Hashem Abedi, who was convicted of mass murder for his role in the Manchester Arena bombing in 2017, has refused to face relatives of his victims in court at an emotionally charged sentencing hearing in London.
The 23-year-old, the younger brother of the suicide bomber Salman Abedi, refused to appear in the Old Bailey’s courtroom number two on Wednesday for his sentencing hearing although he was said to be in the building.
The family of some of the 22 people killed in the atrocity were present to explain to the court how the loss of their loved ones had devastated their lives.
Addressing the court at the start of a two-day hearing, the judge, Mr Justice Jeremy Baker, said: “I have required in this case Hashem Abedi to be brought to the central criminal court. My understanding is that, having been brought to this building, Hashem Abedi has refused to come into the courtroom. That is a matter for HM Probation Service rather than myself. Force cannot be used.”
Hashem was found guilty by a jury in March of 22 counts of murder, attempted murder and plotting to cause an explosion likely to endanger life.
The Islamic state-inspired terrorist helped his brother to order, collect and store materials for the deadly plot before the latter blew himself up as thousands of men, women and children left an Ariana Grande concert on the night of 22 May 2017. The attack killed 22 men, women and children aged between eight and 51.
The defendant, who went to Libya the month before the bombing, was arrested hours after the attack and was extradited back to Britain last summer.
Abedi initially told police he wanted to co-operate with them to prove his innocence. But he absented himself from much of his trial and sacked his legal team.
The judge told the hearing on Wednesday that Abedi could not be handed a whole life sentence because he was under the age of 21 at the time of the offences. He could, however, be given multiple life sentences with a minimum term starting point of 30 years.
The court was told that some of the victim impact and witness statements should not be read in open court but instead be considered by the judge in private.
The identities of some of the children covered by the statements could not be reported because of their age.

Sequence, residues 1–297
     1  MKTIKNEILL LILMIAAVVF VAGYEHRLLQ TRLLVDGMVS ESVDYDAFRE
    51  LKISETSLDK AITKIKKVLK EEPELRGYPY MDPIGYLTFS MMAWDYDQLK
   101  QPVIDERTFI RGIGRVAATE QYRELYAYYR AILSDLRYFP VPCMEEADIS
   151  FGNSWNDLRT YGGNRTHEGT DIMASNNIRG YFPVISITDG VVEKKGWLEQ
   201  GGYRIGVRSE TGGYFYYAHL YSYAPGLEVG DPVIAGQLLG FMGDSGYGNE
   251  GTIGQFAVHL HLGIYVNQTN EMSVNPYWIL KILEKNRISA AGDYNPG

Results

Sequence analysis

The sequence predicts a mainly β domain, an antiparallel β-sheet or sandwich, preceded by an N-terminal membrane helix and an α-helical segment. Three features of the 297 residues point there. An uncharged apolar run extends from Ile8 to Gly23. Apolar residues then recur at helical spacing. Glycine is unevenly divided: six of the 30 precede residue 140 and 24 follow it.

Claire Booth, a survivor of the bombing, broke down in tears as she read her victim personal statement. Her sister, Kelly Brewster, 32, from Sheffield, died in the blast.
Booth said: “I can’t go anywhere in public on my own, even if it’s to the shop. Sometimes I feel like a prisoner in my own home. I try as much as possible to find some level of normality. I’m sad I’ve lost my sister and my sidekick. We spent a lot of time together, I struggle with feelings of guilt. Christmas and other family celebrations are just not the same any more.
“Since 22 May 2017 our family has not been the same. All our hearts are broken and will not be the same. It seems cruel that her life has been cut short. My dad has not been able to walk his daughter down the aisle, my mum can’t take her shopping for a wedding dress. We will never see her grow old. As a family we have been thrown into a world of chaos.”
Figen Murray, the mother of Martyn Hett, a 29-year-old public relations manager who lived in Stockport and died in the blast, described her son as a talented performer who revelled in the spotlight.
She said: “Martyn loved dancing so much, and it would be perfectly normal to view an impromptu performance at home. He had a strong work ethic and lust for life. Over time Martyn became somewhat of a popular figure on social media. He absolutely loved attention.”
A public inquiry into the bombing is scheduled to start in September 2020.